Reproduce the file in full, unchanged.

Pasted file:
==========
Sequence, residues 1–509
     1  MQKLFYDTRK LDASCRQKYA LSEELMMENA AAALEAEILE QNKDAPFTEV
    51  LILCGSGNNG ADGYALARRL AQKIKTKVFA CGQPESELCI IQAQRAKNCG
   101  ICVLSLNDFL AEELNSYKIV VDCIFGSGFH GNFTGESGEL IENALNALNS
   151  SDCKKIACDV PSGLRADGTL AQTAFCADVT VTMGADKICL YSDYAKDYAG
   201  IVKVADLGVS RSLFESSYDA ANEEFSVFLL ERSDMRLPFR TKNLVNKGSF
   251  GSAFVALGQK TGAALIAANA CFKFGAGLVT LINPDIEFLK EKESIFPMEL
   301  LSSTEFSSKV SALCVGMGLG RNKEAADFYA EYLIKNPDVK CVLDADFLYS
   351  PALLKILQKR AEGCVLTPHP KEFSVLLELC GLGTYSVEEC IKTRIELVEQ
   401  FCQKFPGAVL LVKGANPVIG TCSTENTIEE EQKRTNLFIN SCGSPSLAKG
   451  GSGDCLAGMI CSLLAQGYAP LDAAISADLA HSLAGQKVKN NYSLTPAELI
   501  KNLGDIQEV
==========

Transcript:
Sequence, residues 1–509
     1  MQKLFYDTRK LDASCRQKYA LSEELMMENA AAALEAEILE QNKDAPFTEV
    51  LILCGSGNNG ADGYALARRL AQKIKTKVFA CGQPESELCI IQAQRAKNCG
   101  ICVLSLNDFL AEELNSYKIV VDCIFGSGFH GNFTGESGEL IENALNALNS
   151  SDCKKIACDV PSGLRADGTL AQTAFCADVT VTMGADKICL YSDYAKDYAG
   201  IVKVADLGVS RSLFESSYDA ANEEFSVFLL ERSDMRLPFR TKNLVNKGSF
   251  GSAFVALGQK TGAALIAANA CFKFGAGLVT LINPDIEFLK EKESIFPMEL
   301  LSSTEFSSKV SALCVGMGLG RNKEAADFYA EYLIKNPDVK CVLDADFLYS
   351  PALLKILQKR AEGCVLTPHP KEFSVLLELC GLGTYSVEEC IKTRIELVEQ
   401  FCQKFPGAVL LVKGANPVIG TCSTENTIEE EQKRTNLFIN SCGSPSLAKG
   451  GSGDCLAGMI CSLLAQGYAP LDAAISADLA HSLAGQKVKN NYSLTPAELI
   501  KNLGDIQEV